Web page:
C4 to summit of Tirsuli West, the first Rock Band. (Maj. K. S. Dhami)

C4 to summit of Tirsuli West, the first Rock Band. (Maj. K. S. Dhami)



On the way we came across a beautiful tarn. Camp 1 was established at 5000 m. From here we could get a beautiful view of Hardeol, Kalanka, Changabang and Purvi Dunagiri. On 1 July, the team opened the route and carried out a load ferry for Camp 2. 2 kms a head of Camp 1, we entered the glacier and climbed steeply to reach the icefall. Route finding though the icefall was a tedious affair. It took us 3 to 4 hrs, to find route to cross the icefall of just 400 m. As soon as we crossed the icefall we found a level glacier, full of scree. This was to be Camp 2. The height of Camp 2 was 5518 m. Further recce was carried out till the base of the mountain, which was a plain snowfield. We started moving down after arranging the campsite at 1230 hrs. On 2 July we reached Camp 2 at 1000 hrs. Camp was established and occupied and soon the clouds started appearing. The weather now started showing its colours. The same evening we prepared ourselves to open route for the next camp. Ropes were cut to size and technical equipment segregated for the next day's climb. Next morning Laxman led , followed by Rattan. By 1200 hrs it started snowing. The route was opened up to the ridge by 1400 hrs. The gradient was around 60° with lots of loose rocks. It was very difficult to fix rope on these rocks, as they were weathered and loose. The whole route up to the Camp 3 was full of boulders and rock faces with steep climbs. At some places the gradient went up to 80 to 90°. After opening the route up to the main ridge the team returned to Camp 2. Next morning was also not a pleasant one, as it snowed the whole night. We therefore rested on 4 June and recouped our strength.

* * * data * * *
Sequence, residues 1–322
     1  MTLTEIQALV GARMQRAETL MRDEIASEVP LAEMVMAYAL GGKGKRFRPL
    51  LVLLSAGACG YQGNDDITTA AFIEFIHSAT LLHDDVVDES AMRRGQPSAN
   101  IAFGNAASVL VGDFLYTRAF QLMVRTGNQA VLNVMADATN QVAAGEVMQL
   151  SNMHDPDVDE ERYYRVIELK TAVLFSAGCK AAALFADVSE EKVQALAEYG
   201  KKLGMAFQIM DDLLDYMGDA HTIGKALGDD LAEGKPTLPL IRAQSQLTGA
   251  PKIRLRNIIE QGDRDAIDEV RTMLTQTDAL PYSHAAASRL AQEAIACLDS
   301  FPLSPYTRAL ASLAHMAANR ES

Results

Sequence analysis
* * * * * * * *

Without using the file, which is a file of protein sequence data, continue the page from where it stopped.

5 July dawned to an absolutely clear sky. We all set out for Camp 3 at 0700 hrs. We reached the base of the mountain, which was 1.5 km away, by 0750 hrs. While Rattan, Laxman, Jagmohan and Soni went ahead, rest of us started moving up with loads. The aim was to open the route and find a suitable place to establish Camp 3. We reached our intended Camp 3 location at 1730 hrs, after a grueling ascent of 10% hours. Here we were only able to find a place where we could spend the night in a sitting position. After dumping our loads, we descended to Camp 2 reaching there at 1900 hours. Later in the evening, we discussed our plan of establishing and occupying Camp 3 the next day.